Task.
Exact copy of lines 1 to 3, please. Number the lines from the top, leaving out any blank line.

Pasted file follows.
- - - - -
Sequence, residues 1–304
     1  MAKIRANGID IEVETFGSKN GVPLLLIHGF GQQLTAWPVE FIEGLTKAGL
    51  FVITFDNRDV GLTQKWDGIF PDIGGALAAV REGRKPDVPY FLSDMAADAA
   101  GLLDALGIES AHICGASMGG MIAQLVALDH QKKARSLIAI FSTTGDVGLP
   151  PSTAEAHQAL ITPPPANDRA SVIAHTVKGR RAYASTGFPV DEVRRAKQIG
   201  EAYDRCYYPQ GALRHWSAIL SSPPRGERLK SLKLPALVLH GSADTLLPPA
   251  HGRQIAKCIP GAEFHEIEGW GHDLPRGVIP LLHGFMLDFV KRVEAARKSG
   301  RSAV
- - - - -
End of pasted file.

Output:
Sequence, residues 1–304
     1  MAKIRANGID IEVETFGSKN GVPLLLIHGF GQQLTAWPVE FIEGLTKAGL
    51  FVITFDNRDV GLTQKWDGIF PDIGGALAAV REGRKPDVPY FLSDMAADAA